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Internal use of hydrogen peroxide clarified.

COUNTRYSIDE: I agree with the usefulness of hydrogen peroxide as described in Becky Ransey's article in the January/February 2006 issue with one general and one specific qualification. The regular drug store version of hydrogen peroxide that comes in the brown bottle of different sizes is not for internal use. It can contain impurities that over time can adversely affect a frequent user's immune system. Since anything applied to the skin and especially the mucous membranes is readily absorbed into the blood stream, the definition of internal use must include topical application. The cleaning of food preparation surfaces likewise cannot be recommended. Personally, I wouldn't use it on my pets or other animals, either, except perhaps in a one-time situation if no alternative were available.

The alternative is food grade hydrogen peroxide, which is available in 35% strength only and absolutely must be diluted. If ingested full strength it could kill, which is why it is sometimes somewhat difficult to obtain. Some years ago most health food stores used to carry it, but now one has to look for it. There are Internet sources as well. In any event, food grade hydrogen peroxide is the only version I personally would use, in spite of its significantly higher cost, except perhaps to clean the floors or bathroom.

The specific qualification concerns the prolonged treatment of yeast infections with hydrogen peroxide. To treat an occasional outbreak is probably okay, but use the food grade version. Recurring outbreaks usually are indicative of a systemic yeast infection, or candidiasis, and while the hydrogen peroxide will temporarily clear up a vaginal outbreak, it can't cure the underlying systemic infection, which actually is a serious health problem. All of us carry the candida fungus, but as long as we are in good health it remains confined to the digestive tract. There it is kept in check by a healthy intestinal flora. It is when we lose the beneficial bacteria that make up a healthy intestinal flora that candida (along with other damaging organisms) can expand and eventually take over to the extent where it leaves the intestinal tract and moves into the blood stream, from where it is free to reach most any organ in the body. Thus the vaginal yeast infection is just a symptom of a much more serious underlying condition, which really needs to be treated and cured if further problems are to be avoided and good health is the goal. (Another frequent sign of candidiasis is toenail fungus that won't respond to treatment).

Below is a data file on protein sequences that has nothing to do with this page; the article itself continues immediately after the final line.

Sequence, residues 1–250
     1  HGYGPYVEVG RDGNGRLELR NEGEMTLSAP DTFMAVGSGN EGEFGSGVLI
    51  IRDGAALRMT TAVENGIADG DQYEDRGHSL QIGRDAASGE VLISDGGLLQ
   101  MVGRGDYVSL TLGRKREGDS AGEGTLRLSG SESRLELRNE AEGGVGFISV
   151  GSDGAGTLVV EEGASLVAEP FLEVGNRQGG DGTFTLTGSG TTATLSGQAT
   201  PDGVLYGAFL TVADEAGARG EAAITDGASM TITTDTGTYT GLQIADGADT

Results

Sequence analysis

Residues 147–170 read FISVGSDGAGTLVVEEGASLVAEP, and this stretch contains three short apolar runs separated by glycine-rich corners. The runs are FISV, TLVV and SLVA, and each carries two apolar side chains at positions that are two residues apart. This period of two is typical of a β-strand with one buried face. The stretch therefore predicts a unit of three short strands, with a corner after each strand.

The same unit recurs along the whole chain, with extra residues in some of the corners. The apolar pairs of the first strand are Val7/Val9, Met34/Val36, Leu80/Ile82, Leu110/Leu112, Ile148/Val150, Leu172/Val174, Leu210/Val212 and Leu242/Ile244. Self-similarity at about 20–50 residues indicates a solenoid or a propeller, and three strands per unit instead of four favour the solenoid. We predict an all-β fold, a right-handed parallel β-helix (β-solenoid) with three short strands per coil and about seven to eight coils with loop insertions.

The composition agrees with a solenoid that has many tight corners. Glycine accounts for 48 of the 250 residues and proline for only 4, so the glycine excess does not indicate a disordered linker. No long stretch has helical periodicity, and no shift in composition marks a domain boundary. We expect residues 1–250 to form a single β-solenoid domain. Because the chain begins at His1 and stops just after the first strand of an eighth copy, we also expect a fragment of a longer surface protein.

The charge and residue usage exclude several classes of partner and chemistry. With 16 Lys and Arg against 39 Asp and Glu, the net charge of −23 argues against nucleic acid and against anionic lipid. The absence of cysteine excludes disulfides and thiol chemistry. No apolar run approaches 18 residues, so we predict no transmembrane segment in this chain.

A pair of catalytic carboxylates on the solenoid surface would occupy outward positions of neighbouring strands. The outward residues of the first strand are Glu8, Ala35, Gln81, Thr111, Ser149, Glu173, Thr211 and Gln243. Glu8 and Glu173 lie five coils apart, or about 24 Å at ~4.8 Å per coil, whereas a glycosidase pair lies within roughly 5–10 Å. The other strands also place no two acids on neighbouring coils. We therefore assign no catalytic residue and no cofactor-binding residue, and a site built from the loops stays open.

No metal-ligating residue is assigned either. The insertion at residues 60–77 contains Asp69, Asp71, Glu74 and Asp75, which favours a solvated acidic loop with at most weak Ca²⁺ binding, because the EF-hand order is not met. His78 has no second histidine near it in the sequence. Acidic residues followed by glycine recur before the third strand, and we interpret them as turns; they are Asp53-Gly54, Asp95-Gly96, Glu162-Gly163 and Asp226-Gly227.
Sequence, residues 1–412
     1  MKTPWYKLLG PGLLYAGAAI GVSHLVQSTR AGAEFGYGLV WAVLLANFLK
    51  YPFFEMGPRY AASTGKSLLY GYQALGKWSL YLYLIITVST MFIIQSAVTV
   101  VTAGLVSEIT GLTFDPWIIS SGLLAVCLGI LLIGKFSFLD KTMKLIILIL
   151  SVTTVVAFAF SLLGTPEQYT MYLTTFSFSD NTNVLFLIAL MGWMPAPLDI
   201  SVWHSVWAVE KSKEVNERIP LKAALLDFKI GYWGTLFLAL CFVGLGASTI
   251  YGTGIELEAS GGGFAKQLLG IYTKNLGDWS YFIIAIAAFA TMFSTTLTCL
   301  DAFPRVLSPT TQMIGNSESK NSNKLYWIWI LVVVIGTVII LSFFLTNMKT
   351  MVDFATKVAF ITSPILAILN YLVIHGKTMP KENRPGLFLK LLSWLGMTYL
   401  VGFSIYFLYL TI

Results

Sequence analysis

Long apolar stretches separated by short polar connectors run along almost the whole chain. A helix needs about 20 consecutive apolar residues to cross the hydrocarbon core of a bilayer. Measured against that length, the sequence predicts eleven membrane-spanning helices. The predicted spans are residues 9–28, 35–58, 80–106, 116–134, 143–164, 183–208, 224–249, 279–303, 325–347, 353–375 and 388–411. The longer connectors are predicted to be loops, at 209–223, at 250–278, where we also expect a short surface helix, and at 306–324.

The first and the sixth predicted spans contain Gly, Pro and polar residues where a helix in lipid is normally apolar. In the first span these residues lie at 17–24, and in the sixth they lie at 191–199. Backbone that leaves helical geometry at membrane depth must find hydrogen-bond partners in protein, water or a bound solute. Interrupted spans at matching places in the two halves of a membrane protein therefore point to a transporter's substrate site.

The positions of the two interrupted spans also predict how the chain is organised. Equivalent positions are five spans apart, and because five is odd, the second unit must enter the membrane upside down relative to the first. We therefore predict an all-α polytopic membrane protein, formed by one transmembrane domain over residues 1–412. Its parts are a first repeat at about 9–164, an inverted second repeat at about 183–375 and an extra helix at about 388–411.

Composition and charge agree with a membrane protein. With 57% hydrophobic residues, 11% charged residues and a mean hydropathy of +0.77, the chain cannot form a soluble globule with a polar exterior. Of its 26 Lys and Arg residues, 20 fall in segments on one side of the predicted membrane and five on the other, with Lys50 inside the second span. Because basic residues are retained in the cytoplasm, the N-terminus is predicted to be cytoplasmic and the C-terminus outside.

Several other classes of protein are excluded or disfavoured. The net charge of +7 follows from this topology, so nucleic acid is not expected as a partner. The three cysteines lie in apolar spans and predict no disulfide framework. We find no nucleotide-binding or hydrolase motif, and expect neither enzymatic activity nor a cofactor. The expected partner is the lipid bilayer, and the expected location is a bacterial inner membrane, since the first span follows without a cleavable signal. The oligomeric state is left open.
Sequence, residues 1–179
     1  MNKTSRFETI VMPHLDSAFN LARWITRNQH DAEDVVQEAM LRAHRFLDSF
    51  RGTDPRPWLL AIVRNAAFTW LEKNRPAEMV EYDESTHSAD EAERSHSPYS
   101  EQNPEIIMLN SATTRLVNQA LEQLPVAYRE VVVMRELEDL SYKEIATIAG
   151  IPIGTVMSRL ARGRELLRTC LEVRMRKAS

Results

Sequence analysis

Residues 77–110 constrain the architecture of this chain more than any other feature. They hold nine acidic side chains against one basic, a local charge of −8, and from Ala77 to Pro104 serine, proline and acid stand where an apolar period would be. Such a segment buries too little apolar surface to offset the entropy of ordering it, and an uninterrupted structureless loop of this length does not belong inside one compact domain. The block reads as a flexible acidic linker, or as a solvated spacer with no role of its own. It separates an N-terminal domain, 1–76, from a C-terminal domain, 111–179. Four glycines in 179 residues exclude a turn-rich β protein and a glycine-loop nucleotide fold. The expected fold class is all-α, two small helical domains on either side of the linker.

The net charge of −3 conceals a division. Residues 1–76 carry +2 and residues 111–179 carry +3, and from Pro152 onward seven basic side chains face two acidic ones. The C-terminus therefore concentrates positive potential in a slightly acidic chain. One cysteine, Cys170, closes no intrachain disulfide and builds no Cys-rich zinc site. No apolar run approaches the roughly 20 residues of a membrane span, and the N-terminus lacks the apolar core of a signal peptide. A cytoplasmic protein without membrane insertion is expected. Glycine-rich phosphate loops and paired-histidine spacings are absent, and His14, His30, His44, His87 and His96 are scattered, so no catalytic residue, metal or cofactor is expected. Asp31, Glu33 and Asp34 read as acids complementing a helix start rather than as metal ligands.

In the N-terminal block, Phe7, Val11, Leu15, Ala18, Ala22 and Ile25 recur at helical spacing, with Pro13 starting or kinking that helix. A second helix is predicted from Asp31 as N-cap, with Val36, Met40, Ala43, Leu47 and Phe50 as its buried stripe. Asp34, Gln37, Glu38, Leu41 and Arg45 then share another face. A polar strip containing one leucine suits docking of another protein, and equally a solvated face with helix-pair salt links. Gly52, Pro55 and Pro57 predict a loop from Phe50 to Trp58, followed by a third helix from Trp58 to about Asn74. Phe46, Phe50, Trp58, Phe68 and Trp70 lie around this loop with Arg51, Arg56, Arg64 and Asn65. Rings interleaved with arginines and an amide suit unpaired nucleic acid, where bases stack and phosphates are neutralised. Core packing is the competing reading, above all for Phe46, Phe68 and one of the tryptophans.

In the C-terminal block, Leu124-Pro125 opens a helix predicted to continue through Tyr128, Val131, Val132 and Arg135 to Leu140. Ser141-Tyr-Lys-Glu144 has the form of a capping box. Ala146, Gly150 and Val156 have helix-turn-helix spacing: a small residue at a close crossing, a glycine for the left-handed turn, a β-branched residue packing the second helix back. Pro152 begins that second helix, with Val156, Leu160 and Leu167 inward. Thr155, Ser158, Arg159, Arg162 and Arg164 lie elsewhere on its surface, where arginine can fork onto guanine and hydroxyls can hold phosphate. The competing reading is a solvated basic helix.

One really needs to find a good alternative health care provider to deal with this problem since there is no magic pill conventional medicine can offer. Diflucan, which is usually prescribed, is highly toxic to the liver, in the case of systemic infection has to be taken for many months, and may not provide a permanent cure. A change in eating habits, at least temporarily, is required, with elimination of sugar (and all sweets), refined flour and flour products, and a general reduction of grains. Large doses of probiotics are needed to reestablish a healthy intestinal flora, though not all are equally effective. Better is the consumption of home fermented foods such as kefir, yogurt, sauerkraut (raw) etc., and this should be continued as a habit.

It is not my intention to offer a course of treatment here, but rather to point out that frequent yeast infections are likely to have a more serious underlying cause that should be attended to, and to describe some of the processes involved in its development and possible treatment. If an alternative health care provider is not readily available, a search of the Internet under candida or candidiasis will no doubt provide a wealth of information. But it is well to remember to be selective and to use judgment.
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Title Annotation:Country conversation & feedback
Author:Ablieter, Leonard
Publication:Countryside & Small Stock Journal
Article Type:Letter to the editor
Date:May 1, 2006
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